This topic comes as a touchy/sensitive one for me. My wife and I have a close friend who suffers from MS so it is disheartening to accept that a cure doesn't exist. The condition also brings with it a myriad of "miracle cures" and scamsters who prey (though, at times, unwittingly) on helpless and, seemingly, hopeless people.
Our friend would love to be cured - it is, like many other illnesses, horrible. It steals the life from countless vibrant, loving and caring people and none of us want to see people suffer.
In the past number of years I've researched a great number of things and I've had discussions with people on a number of "touchy" topics. Not long ago the local newspapers were filled references to a topic that I have since done substantial reading on and that relates to MS - liberation therapy. (Much of the claims of liberation therapy have been taken up by other research groups and scientists and the results give great reason to be skeptical of it - though countless people were initially skeptical just from the sketchy descriptions that Dr. Zamboni had offered.)
I mention this therapy not because I think it is bunk (though I have every reason to accept that it is) - it is the reaction that people had to those who were skeptical of the surgery prior to the more recent research. MDs (real medical doctors), scientists and others were concerned with the claims that Dr. Zamboni was making about the "cause" of MS and what he claims he was discovering and the resulting comments on the news stories and blogs included (paraphrased.. some people took paragraphs to make their points):
"If you had MS, you would want the money to have this lifesaving surgery."
"You're just a shill for big pharma. Big pharma has never cured anything."
"Follow the money. You make your money by treating people not curing them."
"Leave well enough alone. You're destroying hope for thousands of MS sufferers."
When it comes to sCAM treatments, these are pretty standard arguments people use when someone questions their value or efficacy. We've discussed many of these subjects before so I will only briefly discuss most of them.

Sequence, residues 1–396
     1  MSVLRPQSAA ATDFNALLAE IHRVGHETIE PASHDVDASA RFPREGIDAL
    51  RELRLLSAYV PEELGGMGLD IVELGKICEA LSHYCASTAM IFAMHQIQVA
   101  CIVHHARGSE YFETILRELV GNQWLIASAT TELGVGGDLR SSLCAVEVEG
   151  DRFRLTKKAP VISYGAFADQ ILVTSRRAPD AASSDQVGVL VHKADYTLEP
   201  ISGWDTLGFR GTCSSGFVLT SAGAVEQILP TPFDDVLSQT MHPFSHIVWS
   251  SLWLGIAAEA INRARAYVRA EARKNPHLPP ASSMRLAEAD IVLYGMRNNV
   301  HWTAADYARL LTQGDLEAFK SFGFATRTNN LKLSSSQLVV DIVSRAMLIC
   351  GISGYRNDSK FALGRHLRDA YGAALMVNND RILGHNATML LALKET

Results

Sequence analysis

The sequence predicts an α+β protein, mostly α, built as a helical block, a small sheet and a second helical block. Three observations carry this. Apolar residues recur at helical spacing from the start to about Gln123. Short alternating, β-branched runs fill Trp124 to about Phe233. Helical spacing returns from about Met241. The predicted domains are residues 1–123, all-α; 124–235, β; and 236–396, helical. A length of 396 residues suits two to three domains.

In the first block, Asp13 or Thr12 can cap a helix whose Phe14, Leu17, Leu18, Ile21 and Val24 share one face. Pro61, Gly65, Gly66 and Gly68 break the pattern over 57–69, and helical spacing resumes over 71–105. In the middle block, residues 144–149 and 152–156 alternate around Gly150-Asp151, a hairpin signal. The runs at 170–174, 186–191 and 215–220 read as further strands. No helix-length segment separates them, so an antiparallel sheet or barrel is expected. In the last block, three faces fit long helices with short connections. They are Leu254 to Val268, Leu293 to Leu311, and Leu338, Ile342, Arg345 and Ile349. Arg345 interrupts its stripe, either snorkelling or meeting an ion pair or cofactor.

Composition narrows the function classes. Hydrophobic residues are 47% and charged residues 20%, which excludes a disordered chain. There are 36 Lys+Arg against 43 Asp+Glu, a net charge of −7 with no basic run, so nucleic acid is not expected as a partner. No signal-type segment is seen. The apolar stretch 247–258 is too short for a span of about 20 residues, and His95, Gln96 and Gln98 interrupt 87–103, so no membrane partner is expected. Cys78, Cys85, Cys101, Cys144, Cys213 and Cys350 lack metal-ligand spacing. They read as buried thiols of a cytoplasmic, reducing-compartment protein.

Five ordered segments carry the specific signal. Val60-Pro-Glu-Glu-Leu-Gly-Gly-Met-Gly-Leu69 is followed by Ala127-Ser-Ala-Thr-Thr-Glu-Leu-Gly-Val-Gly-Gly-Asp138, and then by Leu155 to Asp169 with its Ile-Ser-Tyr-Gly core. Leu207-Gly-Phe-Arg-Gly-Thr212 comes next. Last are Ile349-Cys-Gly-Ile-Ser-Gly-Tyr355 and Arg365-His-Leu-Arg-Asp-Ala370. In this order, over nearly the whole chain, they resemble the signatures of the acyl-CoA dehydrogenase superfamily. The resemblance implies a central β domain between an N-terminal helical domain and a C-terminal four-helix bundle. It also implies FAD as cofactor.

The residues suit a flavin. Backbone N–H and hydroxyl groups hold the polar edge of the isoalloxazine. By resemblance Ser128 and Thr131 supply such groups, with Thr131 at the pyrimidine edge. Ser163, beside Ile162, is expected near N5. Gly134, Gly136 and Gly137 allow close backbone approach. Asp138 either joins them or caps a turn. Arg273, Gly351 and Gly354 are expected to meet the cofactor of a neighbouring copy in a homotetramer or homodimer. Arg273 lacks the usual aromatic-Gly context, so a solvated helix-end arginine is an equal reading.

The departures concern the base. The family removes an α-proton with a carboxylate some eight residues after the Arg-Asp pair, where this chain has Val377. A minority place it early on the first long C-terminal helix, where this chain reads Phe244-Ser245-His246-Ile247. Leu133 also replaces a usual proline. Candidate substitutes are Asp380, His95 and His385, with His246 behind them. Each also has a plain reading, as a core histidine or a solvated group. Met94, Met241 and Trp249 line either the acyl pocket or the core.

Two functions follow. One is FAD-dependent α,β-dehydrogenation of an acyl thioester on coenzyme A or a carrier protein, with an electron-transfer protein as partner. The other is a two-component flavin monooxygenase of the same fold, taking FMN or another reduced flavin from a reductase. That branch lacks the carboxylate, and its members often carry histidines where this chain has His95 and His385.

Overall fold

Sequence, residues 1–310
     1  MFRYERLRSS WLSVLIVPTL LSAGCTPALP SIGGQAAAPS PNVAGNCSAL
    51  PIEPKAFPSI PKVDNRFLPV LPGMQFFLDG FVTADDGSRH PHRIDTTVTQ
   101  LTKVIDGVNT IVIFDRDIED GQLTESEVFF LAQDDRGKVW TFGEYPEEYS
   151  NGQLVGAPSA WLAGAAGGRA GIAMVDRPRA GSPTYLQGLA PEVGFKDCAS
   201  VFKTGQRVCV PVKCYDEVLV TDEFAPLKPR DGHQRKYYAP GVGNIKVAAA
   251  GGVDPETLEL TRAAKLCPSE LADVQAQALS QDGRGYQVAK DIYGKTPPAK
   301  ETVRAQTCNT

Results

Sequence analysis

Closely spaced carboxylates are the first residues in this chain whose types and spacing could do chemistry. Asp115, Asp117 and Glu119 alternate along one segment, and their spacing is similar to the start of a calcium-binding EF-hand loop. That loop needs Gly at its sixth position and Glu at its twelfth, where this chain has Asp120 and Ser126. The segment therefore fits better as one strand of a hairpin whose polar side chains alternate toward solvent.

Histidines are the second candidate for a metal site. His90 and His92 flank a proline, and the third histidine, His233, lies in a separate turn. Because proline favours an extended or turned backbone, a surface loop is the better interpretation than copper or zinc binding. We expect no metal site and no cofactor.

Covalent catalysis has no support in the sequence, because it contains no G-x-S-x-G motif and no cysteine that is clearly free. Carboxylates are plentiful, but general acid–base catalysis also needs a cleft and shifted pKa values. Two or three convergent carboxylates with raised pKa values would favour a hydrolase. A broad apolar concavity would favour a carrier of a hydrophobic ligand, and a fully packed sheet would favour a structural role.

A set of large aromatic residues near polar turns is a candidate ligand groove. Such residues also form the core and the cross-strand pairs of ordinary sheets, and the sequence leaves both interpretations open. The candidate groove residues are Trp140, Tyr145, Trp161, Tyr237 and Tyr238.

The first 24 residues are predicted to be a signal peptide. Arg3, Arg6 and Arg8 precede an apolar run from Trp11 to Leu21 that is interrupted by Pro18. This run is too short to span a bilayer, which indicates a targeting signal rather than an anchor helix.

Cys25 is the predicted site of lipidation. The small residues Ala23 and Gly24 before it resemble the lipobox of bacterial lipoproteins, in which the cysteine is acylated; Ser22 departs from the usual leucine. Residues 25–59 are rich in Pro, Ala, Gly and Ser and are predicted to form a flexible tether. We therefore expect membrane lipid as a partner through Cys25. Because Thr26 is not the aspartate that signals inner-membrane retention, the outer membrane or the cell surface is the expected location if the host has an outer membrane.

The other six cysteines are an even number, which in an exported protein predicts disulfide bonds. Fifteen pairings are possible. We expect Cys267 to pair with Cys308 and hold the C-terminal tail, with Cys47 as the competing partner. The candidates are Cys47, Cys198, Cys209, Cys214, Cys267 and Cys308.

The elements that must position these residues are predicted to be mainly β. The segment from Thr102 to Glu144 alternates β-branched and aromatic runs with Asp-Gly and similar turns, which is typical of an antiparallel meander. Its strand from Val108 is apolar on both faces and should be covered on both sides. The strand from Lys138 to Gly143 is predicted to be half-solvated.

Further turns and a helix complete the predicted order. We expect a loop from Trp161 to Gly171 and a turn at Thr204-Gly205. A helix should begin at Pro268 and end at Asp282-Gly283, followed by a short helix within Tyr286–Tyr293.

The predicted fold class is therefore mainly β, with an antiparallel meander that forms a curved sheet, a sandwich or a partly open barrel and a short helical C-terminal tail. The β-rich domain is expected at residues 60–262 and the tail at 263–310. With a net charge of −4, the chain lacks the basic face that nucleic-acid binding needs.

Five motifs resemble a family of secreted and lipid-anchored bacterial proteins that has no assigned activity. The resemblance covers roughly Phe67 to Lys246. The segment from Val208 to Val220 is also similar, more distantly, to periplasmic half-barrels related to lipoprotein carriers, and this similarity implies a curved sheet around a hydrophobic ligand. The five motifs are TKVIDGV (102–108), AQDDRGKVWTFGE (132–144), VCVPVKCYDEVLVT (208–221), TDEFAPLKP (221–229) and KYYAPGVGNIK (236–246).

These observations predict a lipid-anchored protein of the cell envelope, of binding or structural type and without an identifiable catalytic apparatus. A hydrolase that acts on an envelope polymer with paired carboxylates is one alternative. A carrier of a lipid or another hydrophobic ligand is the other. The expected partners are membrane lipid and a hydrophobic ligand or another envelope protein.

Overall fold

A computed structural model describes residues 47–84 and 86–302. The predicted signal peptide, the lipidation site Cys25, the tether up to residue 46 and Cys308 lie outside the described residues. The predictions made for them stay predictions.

"If you had this condition..." Yes, if I had MS, I would hope that our health care system would pay for a lifesaving surgery (liberation isn't a lifesaving surgery and it has little/no plausible method of curing MS - whatever causes MS it isn't reduced blood flow to the BBB). I would expect that the surgery a.) be plausible, b.) have potential for benefit greater than the risks and, c.) have scientific support. Nobody questioning liberation therapy was asking for the government to blindly dismiss costly treatments. Money is a limited resource - (at the very least, potential) efficacy should be a requirement for funding any treatment.
"Big Pharma Shill" is a tired and old argument. Steven Novella has discussed it at length. As for "Big Pharma" never curing anything - Polio? Mumps? Measles? Rubella? Pertussis? Malaria? Tuberculosis? Pneumonia? Gonorrhea? What about (from a surgery standpoint) appendicitis? Re-attachment of severed appendages? Or how about increasing the average lifespan from below 50 years to over 75 years in about a century?
"Follow The Money" is often a stronger argument against the treatment that people are trying to defend. In this case, "liberation" is a money maker for Dr. Zamboni and his companies - he gets paid to train people, he has an agreement with a manufacturer of a particular piece of equipment and he guards his "secrets" closely. His "science" is done via press release, he has created his own foundation and stands to make untold millions of dollars from his claims. (This argument also fails for people like Mike Adams and Joseph Mercola - they argue that Big Pharma isn't concerned about you and I, they're just in it for the $$ - so you should avoid Big Pharma and buy stuff from them. Odd. Arguing against an indirect (if even that) profit motive while having solely a profit motive is, well, ironic.)
This is the primary reason for this blog entry. Just as when I tackle the undue respect that religion gets, people who question quackery are confronted with the claim that we're simply taking away hope (and sometimes admittedly false hope).
I've struggled with this because I've often said "I'm not trying to take away people's hope" but I think I've been wrong all along in leaving it at that. The argument should be "no, you shouldn't be accepting the creation of false hope". Doing so opens the door for abuse - we need to speak out against this idea and we need to do it sooner than later.
Allowing people to create and perpetuate false hope is the problem - not "us" taking it away. If a treatment can't affect the outcomes of a particular illness, we need to be questioning it. The sooner that we dispel the myth, the fewer people that get taken by it (and the fewer people that needlessly die from it). We're doing people a disservice if we simply let them be abused. The price of false hope is too great - not only when it comes to money (wasted on sCAMs, being diverted from real research) but when it comes to science acceptance.
Our level of science literacy needs to change - higher levels of understanding of science will mean greater skepticism towards outlandish claims (extraordinary claims require extraordinary evidence) and that isn't going to happen by allowing claims to be made simply because we "shouldn't be taking away (false) hope".
I feel that the hope is misplaced - hope can be found in the ever evolving world of scientific discovery. (And that isn't best achieved by undermining the scientific method.)